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Saturday July 30, 2011 12:43 pm

Weekend Reading: Kirby, Ditko, Cowboys & Aliens And Marvel Comics

Captain America Jack KirbyI’m sure you’ve heard by now that the Kirby family lost its claim in court to the copyright to characters Jack Kirby created. As usual, Tom Spurgeon at The Comics Reporter has the best analysis.

Now let’s see what else is out there.

Cowboys: Deadline continues to do the number-crunching on this week’s comic book-inspired film, Cowboys & Aliens. The early results show an under-performer.

Blood: And over at Bleeding Cool, Rich Johnston looks at the long journey getting Cowboys & Aliens from concept to screen.

Ditko: Tom McLean at Bags & Boards doesn’t post as often as he should, but when he does, it’s worth reading. His latest is a review of Blake Bell’s Strange and Stranger: The World of Steve Ditko from Fantagraphics. This is a beautiful snip: “Could Ditko be a first-generation fanboy, an 83-year-old whose life was spent obsessing first over comics and later over a juvenile political philosophy that only makes sense within a self-imposed bubble?”

Shadowline: Are you a fan of Green Wake? I’ll bet you’ll enjoy this brief interview with artist Riley Rossmo.

Zorro: Paul Bishop at Bish’s Beat offers up a preview of a non-Zorro character created by Johnston McCulley: The Whirlwind.

Movies: If you love movies based on comic books, what comic book should you pick up to continue the experience? Robin Brenner at Early Word takes a look at Batman, Cowboys & Aliens, Green Lantern, Thor, Captain America and others.

Kos: Daily Kos takes a break from the political commentary and tackles a serious issue plaguing mankind: the worst Star Trek tie-in novels.

Peanuts: Booman also takes a break from politics and dives into the land of Peanuts and Charles Schulz.

Cons: If you’re wondering what a Planet Of The Apes panel at the 2011 Comic Con International looks like, wonder no more.

Blog: Terry Sharp is coming back courtesy of Bob Tinnell and Ade Salmon. You can follow along at the Damned To Darkness blog and see how it progresses. A bookmark will be needed for this!

Parker: If you like Rick Parker’s cartooning - you might remember him from a long stint on Beavis & Butt-Head - check out this short video about his work.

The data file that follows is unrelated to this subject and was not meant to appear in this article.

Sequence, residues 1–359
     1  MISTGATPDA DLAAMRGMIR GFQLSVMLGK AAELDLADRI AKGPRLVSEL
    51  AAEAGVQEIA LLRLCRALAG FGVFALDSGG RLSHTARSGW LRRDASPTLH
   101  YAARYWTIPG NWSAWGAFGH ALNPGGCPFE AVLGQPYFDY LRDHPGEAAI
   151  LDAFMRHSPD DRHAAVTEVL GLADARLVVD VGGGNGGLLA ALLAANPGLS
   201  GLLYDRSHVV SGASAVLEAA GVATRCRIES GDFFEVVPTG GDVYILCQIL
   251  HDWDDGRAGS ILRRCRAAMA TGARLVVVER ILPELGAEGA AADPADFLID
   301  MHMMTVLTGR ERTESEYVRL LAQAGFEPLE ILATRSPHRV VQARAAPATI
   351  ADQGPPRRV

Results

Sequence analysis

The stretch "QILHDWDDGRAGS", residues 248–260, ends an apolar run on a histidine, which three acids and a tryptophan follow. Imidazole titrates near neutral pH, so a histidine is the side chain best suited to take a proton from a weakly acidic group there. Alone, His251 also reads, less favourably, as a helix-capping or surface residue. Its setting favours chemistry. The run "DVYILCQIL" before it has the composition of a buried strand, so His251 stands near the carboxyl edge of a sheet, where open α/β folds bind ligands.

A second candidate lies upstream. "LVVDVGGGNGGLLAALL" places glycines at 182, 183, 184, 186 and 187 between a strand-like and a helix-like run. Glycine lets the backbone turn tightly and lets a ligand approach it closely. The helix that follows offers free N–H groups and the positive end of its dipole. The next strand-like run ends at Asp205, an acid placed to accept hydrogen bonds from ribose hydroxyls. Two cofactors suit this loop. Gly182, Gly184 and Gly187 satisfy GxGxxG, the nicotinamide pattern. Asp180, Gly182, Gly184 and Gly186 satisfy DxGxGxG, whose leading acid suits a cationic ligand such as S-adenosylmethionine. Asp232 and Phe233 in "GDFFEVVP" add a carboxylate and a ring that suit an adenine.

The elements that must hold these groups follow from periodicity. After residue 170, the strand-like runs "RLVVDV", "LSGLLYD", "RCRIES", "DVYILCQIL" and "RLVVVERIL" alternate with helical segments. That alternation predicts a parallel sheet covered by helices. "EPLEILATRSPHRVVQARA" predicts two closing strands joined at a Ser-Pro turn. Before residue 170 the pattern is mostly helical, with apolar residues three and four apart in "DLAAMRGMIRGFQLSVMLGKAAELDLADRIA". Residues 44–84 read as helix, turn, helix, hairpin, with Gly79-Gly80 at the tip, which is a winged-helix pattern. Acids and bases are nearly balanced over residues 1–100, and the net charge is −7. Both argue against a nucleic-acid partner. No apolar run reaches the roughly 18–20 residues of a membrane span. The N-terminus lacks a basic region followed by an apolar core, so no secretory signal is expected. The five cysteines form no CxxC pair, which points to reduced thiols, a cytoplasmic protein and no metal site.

Super Friends: What was it like to work on the now-classic, then not-so-much animated series from Hanna-Barbera? Bob Hathcock provides the details with bonus Alex Toth name-dropping.

Fantasy Advertiser: I was sorry to hear that Martin Skidmore had passed away recently. Lew Stringer has the story.

David Heath, Jr.: DHJ was one of the more famous fanzine publishers of the 1970s, and an early publisher of the work of Gilbert Hernandez. I did not know that he - Heath - had passed a couple of years ago. Ken Meyer, Jr. shares some memories

Galaxis: with the absence of magazines like Starlog devoted to sf movies and more, noted magazine fan John Zipperer has launched Galaxis to fill the void. Best of all, it’s free. Details are at John’s blog, Weimar World Service.

Rick Burchett and Greg Rucka: They’re launching a new endeavor, Lady Sabre & the Pirates of the Ineffable Aether. “It’s about adventure and romance and excitement and, to paraphrase the great Zaphod Beeblebrox, ‘really wild things.’” I’m in!

Europe: JT Lindroos at Bookgasm compares a classic Blake & Mortimer adventure by Edgar P. Jacobs, The Yellow M, to a newer one from a new writer: The Voronov Plot. Says JT: “It’s always difficult to follow in the footsteps of a popular master, whatever your field. You have to be able to continue the tradition of the originator and to leave your own mark as well, rather than merely mimic the motions of your predecessor.”

Yee-Hah!: And Bookgasm’s Rod Lott offers up a preview of the forthcoming Graphic Classics: Western Classics that features work by Cynthia Martin, Dan Spiegle, Trina Robbins, and a whole lot more. The preview is illustrated with some nifty interior art.

Sea: If DC’s rebooting again, you can bet that Aquaman will turn up. And since he is, Ricky Sprague at Project Child Murdering Robot has a lot of thoughts on that and more. “He is, in other words, sole protector of something like 80% of the planet. He can talk to animals that live in the ocean. This guy is a champion for crying out loud!”

Best Toy Ever: What can’t be improved by cigarettes?

And finally, a Missouri School Board is attacking books they can barely read and will certainly never understand and getting them removed from a high school library. “Three of the seven board members weren't present. And only one of the four who voted had actually read the books.” Well played, hillbillies. Well played.

That’s it for now! Use your internets responsibly!



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